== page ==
“Thank you for talking to me!”
His words were surprising, direct, and intentional. Yet they were woven warm with all of the enchantment and depth that makes a human being unlike anything else in all of existence.
His words were heavy and laboured, nearly lost in his thick Hispanic accent. His smile lit a face deeply etched by the lines of age that had been sketched across a pallet of time and hardship. Indeed, his face was a mosaic of pain and loneliness that was instantly redrawn by nothing more than a handful of words said to him by a complete stranger.
“Thank you for talking to me!” he said to me.
This invisible man, whose name I never thought to ask, labouriously checked cars out of a sprawling rental lot at a large and bustling international airport. Menial, mundane, and entirely lost in the ever-shifting exodus of people, he checked out cars one at a time, day after day in this asphalt desert.
In the end, his life will not be remembered by many. When he’s gone, few will ask where he went or what became of him. He will be easily replaced by someone else.
“Thank you for talking to me!” he said with a robustness that set me back.
It all started because I asked him about his watch, as it was rather unique and quite attractive; I offhandedly asked him where he got it. Within a moment he transformed from a stoic parking lot attendant to a fascinating human being who suddenly looked a whole lot like me.
It was as if his watch was a magical porthole into a much larger story: his story. Within the few brief moments spent together, he shared where he came from, and where he has been.
Sometimes I wonder if we’ve become inhuman in our view of humanity. As we hurriedly rush from place to place, we’ve let the people around us become commodities that serve us along the way, rather than assets that enrich our journey. Too often we’ve robbed others of the very humanity that we demand they acknowledge in us.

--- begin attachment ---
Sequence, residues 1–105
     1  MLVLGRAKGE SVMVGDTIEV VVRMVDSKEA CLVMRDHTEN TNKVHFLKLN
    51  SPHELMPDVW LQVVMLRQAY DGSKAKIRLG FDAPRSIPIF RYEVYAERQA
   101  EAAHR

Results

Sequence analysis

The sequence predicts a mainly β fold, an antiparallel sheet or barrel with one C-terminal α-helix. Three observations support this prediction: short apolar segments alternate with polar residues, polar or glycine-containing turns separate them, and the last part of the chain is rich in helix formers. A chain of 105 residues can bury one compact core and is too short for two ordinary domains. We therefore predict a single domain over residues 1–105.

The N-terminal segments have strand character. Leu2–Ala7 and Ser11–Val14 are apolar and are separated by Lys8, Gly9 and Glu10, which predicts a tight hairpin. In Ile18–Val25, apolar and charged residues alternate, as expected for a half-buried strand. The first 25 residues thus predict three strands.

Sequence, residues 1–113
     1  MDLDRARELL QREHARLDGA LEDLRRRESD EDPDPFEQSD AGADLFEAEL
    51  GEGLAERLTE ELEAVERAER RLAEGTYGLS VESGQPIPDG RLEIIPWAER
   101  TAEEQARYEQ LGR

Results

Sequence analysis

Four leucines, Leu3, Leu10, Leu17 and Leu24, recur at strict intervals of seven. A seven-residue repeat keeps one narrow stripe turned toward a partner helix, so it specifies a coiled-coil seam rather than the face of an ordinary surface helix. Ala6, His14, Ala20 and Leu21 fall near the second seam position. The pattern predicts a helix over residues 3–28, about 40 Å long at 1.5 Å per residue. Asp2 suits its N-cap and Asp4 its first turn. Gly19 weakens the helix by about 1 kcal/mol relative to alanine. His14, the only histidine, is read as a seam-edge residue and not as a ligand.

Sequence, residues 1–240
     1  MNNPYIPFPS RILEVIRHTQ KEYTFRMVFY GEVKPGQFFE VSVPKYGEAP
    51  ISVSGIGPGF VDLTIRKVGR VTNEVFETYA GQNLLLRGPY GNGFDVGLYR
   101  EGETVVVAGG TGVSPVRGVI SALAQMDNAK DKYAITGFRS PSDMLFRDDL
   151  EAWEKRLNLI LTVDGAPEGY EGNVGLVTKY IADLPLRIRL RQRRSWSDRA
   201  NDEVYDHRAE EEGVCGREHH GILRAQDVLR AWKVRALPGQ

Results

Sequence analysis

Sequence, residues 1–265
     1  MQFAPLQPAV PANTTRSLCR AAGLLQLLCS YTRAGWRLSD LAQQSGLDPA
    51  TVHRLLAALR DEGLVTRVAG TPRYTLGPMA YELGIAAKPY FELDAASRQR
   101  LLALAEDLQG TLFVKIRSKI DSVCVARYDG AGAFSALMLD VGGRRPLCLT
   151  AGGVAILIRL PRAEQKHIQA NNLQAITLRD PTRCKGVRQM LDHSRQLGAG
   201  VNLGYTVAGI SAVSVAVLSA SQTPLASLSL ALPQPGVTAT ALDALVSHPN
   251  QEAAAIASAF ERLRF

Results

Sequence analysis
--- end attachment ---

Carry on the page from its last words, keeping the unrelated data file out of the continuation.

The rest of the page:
In the disheveled rush and baffling mayhem of living out our lives, we need to hear people say, “Thank you for talking to me.”
When our own stress is crushing us and we’ve given everything that we have to give, we need to hear them say, “Thank you for talking to me.”
When we’ve had more than our fill of people and we’re starving for solitude, we need to hear, “Thank you for talking to me.”
When it would have made a whole lot more sense and been a whole lot more convenient simply to pass people by, we still need to hear them say, “Thank you for talking to me.”
For it’s in these moments, when we acknowledge one another as more similar than different, as brothers rather than strangers, when our paradigm turns on its head. Suddenly our fear of “the other” disappears. Our empathy grows.
So maybe it’s time to start talking. Maybe it’s time to turn our attention away from the egotistical mirror of self and look into a face other than our own. Maybe it’s time to realize that our greatest contributions are not the monuments that we construct, but the lives that we change, because we took the time to get to know those around us. Maybe it’s time to change the world one life at a time. Maybe it’s time to talk.
Photo (Flickr CC) by Susan Sermoneta.